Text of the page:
The Postal Service demonstrated its indispensability during the spring as the coronavirus pandemic upended daily life across the United States.
Employees offered a lifeline to people who were quarantined at home, ensuring uninterrupted deliveries of medicine, supplies, checks and other essential mail and packages.
“People are depending on us,” said Joseph Kittles, a mail handler at the Northern Virginia Processing and Distribution Center in Merrifield.
The public demonstrated their appreciation throughout the April-June time frame by naming USPS the most popular federal government agency in a Pew Research Center poll and, in a Harris Poll survey, ranking the Postal Service first among all organizations in its response to the pandemic.
Customers also began leaving handwritten messages of gratitude at their mailboxes, a phenomenon that the Postal Service documented in a series of videos distributed on social media.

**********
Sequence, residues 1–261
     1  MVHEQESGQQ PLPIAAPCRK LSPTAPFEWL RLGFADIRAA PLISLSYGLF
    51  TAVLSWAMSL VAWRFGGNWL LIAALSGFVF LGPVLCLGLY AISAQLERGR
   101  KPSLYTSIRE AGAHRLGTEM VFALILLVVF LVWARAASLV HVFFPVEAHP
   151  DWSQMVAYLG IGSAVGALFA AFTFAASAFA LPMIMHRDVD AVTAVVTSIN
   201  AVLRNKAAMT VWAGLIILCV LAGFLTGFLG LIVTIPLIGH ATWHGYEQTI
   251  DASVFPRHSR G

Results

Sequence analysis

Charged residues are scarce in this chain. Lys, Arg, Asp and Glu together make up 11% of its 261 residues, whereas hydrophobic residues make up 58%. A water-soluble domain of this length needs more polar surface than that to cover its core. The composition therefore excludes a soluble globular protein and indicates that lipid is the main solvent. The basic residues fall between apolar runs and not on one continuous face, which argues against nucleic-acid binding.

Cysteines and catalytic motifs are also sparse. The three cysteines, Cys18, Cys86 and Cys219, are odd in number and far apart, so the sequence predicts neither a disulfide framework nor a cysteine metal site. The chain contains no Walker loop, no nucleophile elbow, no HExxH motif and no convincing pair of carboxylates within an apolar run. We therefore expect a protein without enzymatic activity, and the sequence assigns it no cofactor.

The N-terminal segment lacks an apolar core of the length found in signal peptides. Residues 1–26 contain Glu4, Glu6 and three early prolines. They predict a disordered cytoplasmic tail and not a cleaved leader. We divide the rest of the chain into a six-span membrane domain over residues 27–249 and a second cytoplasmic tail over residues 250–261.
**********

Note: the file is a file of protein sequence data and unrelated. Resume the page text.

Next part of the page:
It was a time for milestones, too, including the 50th anniversary of Earth Day, which USPS marked with a new stamp, and the conclusion of an extended Combined Federal Campaign charity drive, which raised more than $6 million from Postal Service employees.
As spring drew to a close, Megan J. Brennan retired as Postmaster General, concluding a five-year tenure that was marked by significant improvements to the quality and range of services that USPS provides the public.
Her successor, Louis DeJoy, took the oath of office as the nation’s 75th Postmaster General, expressing optimism for the Postal Service’s future and appreciation for the organization’s employees.
“Together, we will put the Postal Service on a successful trajectory for generations to come,” DeJoy said during a ceremony at USPS headquarters in Washington, DC.
Coming next: Link’s four-part review of 2020 continues Dec. 29 with a look at summer activities.